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Calculus Roundtable prides itself on keeping in step with the latest math and science innovations, and opening the doors for students to as many STEM fields as possible. This past year, we delved into the increasingly relevant Electrical Engineering industry. According to the U.S. Bureau of Labor Statistics, employment of electrical engineers is projected to grow by 7% and provide 23,000 new jobs each year through 2030. Alongside one of our Instructional Coaches, College Fellow Armondo Lopez supported elementary and middle school students of Oakland, CA, in programming their own circuitboards and learning about how these are used in everything from airplanes to battery-operated toys.
Over the course of three sessions, different groups of students utilized the Arduino computer programs, a platform that uploads code to a physical circuitboard. Led by our team, they followed individualized, step-by-step instructions to connect wire to specific parts of the board and put the stored Arduino instructions into action. Students experimented with capacitors, resistors, buttons, and LED screens and bulbs, and built a circuit to perform various goals, such as flashing a specific pattern of colored lights. Armondo shared that while the students were a bit scattered at the beginning of their lessons, they quickly grew more focused, receptive and confident as they assembled and troubleshoot their circuitboards. "When their LEDs flashed the correct array of colors, I could see a sense of pride in the students," Armondo remarked.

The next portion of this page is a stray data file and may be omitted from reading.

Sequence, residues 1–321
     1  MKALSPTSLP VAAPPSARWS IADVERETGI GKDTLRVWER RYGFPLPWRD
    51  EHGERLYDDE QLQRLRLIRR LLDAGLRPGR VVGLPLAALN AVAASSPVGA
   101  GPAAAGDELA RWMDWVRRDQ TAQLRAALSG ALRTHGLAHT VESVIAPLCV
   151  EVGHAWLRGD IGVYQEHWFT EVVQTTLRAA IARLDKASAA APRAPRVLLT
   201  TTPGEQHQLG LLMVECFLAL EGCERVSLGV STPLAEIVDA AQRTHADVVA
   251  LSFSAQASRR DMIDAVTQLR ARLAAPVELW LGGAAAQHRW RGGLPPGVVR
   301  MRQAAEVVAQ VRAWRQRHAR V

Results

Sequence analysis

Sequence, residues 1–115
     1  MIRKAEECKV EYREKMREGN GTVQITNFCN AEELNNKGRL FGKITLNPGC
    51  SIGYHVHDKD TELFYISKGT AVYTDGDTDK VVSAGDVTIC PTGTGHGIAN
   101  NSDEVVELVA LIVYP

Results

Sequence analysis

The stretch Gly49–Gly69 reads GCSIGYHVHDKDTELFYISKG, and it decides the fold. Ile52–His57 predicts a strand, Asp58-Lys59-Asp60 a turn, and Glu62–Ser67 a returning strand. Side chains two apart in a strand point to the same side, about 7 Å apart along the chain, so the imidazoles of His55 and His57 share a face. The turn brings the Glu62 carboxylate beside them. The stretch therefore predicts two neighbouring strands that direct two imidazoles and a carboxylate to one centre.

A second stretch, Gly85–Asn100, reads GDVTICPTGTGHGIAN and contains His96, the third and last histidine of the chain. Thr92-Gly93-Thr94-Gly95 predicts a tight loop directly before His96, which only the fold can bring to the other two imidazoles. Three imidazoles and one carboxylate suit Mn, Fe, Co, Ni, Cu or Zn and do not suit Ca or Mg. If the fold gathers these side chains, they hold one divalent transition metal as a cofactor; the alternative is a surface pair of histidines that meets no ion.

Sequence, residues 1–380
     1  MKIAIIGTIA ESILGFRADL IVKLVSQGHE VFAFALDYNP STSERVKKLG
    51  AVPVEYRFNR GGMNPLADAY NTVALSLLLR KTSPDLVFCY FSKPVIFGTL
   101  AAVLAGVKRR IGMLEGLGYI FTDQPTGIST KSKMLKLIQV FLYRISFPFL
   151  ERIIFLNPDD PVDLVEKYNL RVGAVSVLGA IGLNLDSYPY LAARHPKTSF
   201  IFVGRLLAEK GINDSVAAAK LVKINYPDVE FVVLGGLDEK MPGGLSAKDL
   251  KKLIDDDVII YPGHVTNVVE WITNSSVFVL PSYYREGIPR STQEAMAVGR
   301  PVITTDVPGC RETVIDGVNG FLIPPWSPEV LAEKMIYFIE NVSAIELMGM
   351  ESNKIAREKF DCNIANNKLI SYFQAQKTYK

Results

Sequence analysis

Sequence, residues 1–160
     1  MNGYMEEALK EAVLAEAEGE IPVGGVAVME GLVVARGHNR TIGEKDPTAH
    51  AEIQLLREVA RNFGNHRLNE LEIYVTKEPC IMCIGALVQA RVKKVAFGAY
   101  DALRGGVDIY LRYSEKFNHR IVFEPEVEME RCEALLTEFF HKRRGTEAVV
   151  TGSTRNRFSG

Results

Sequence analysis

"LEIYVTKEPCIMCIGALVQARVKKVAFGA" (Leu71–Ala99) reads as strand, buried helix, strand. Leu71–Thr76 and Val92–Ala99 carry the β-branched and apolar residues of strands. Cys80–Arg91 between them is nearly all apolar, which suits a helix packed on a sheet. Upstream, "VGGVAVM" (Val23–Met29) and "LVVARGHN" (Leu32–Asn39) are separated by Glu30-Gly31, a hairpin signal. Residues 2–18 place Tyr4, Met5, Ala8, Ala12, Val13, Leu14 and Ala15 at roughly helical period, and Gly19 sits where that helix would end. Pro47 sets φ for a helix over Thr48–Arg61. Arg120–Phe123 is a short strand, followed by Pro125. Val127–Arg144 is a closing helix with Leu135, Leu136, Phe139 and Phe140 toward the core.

With the growing trend towards inclusivity in STEM, programs like the Arduino sessions are invaluable introducing youth to vital career paths "such as household electrician or embedded systems engineer" that they may have never discovered otherwise. Like many STEM pathways, electrical engineering branches into the automotive, computer, entertainment, manufacturing, transportation, and robotics industries. If one of our students isn't specifically interested in circuitboards, they may develop a passion for stage design and lighting, or dream of inventing a vehicle that runs on fuel more efficiently.
Like several of our existing programs, the Arduino sessions have the potential to be reformatted for greater levels of electrical engineering knowledge and skill. In the future, students may have access to a multi-tiered course where they build their own programming languages, set circuitboard goals, calculate voltage and current, and analyze and quantify the flow of electricity. Calculus Roundtable Executive Director and Founder, Jim Hollis, and Nina Demediuk, our Senior Program Manager, also plan to introduce programs that merge electrical engineering with the biomedical sciences, providing even more STEM industry experience to students. Some of these potential activities including constructing hand sanitizer dispensers, artifical/mechanical limb prototypes to better assess their own health. The possibilities are limitless.